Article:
With Doctor Zhivago playing its final performance today, it unfortunately serves as another example of two beliefs I have about the business of Broadway in 2015.
1. Dramatic Musicals for the most part do not work on Broadway anymore.
2. There will never be another Les Misérables.
The first, I tackled in an earlier column, where I, unfortunately but correctly predicted that Doctor Zhivago would be the first to go.
The second however is a mistake that producers keep making over and over again. Since 1987, they have been trying to find the next Les Misérables. What could be the next epic mega-musical based on a classic piece of literature that could play for 20 years? The truth is, there isn't one.
Whether it was A Tale of Two Cities, Jane Erye, Anna Karenina, The Woman in White or Little Women, none of them caught fire on Broadway. Gone With The Wind failed in London. They've been trying to get musicals of The Count of Monte Cristo , Rebecca and Pride and Prejudice off the ground for years.
When are they going to learn? It's not going to happen.
If anything, the Tony Awards are a huge indicator of what is successful on Broadway these days. Since 1987, only three other shows have won for Best Musical whose origianl source material was a piece of literature: A Gentleman's Guide to Love and Murder, Kiss of the Spider Woman and Phantom of the Opera. Gentleman's won in an otherwise weak year and was based on an obscure novel, if you say you were a fan of the 1907 novel Israel Rank: The Autobiography of a Criminal before the musical came out, you're a liar. Spider Woman was largely based on the film, which came out 8 years earlier, rather than the novel. And Phantom...well if you don't know why that was a hit, just stop going to theatre all together.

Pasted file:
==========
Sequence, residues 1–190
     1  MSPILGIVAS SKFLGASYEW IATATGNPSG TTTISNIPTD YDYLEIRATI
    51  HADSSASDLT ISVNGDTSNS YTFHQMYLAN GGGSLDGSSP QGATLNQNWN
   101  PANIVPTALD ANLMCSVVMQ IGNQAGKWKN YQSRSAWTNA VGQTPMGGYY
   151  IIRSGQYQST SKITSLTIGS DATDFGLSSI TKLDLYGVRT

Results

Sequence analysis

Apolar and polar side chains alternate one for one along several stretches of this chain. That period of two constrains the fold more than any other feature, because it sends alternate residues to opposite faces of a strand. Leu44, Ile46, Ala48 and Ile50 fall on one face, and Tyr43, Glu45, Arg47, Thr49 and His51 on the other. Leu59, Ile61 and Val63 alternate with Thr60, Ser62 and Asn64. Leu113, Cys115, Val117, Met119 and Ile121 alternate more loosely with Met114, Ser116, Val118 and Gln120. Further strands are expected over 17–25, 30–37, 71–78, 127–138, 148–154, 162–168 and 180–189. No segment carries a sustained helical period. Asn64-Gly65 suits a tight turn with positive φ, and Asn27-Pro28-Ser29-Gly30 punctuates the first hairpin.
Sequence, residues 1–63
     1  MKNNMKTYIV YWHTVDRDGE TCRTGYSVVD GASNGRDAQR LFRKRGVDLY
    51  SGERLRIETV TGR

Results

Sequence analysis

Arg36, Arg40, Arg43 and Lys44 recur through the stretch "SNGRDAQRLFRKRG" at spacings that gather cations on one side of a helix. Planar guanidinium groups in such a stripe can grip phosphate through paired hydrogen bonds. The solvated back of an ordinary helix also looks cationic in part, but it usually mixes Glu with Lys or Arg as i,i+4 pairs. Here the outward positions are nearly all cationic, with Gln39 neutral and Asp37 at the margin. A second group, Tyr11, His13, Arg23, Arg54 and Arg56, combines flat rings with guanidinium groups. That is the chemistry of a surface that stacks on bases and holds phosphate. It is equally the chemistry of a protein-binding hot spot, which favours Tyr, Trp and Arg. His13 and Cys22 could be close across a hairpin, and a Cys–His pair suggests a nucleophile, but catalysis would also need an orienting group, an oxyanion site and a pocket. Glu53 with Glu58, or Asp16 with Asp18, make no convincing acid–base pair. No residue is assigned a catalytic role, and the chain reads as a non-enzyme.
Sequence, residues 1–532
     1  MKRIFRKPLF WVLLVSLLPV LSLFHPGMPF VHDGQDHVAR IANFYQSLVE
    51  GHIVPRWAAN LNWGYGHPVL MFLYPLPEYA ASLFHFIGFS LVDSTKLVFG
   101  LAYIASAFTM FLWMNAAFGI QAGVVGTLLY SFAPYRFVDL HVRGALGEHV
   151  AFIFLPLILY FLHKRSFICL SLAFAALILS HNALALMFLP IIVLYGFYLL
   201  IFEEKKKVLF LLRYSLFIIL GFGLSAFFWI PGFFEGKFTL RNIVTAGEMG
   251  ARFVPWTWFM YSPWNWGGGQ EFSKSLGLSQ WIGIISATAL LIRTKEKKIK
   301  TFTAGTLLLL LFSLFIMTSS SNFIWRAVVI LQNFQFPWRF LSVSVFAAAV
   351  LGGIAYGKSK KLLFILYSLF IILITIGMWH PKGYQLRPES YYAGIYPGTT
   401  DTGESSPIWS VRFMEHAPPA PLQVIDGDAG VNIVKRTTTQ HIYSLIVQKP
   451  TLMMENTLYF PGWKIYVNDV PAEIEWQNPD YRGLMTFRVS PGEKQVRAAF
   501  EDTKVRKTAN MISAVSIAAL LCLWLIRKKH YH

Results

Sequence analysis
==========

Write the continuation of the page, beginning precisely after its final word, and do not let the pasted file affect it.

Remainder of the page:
Les Misérables should not have worked as well as it did. It's a long, depressing show with all the dialogue in song. With the exception of maybe 3-4 songs, it's a largely forgettable score and when it premiered, it had a largely unknown cast to American audiences.
But Les Misérables worked at the time for a couple of reasons. The first being there wasn't anything on Broadway like it. They also had the genius that was Cameron Mackintosh. What Macintosh did that was so brilliant was take an excruciatingly long show and turn it into an event, a tourist attraction, something you HAD to do while you were visiting the city.
The problem with 2015 Broadway, is that most shows are like that. Wicked, The Lion King, The Book of Mormon, even right now, Les Misérables, they've become the culture events. To try to break into that category right now is near impossible. I would bet my non existent fortune that if Les Misérables opened as a new show in 2015, it would close within the year.
The public demand on Broadway has changed, today it has to be either something over the top funny or a show where we can see movie stars up close. If you want to produce a dramatic musical based on classic literature with an unknown cast?
Sign a short lease and Good luck.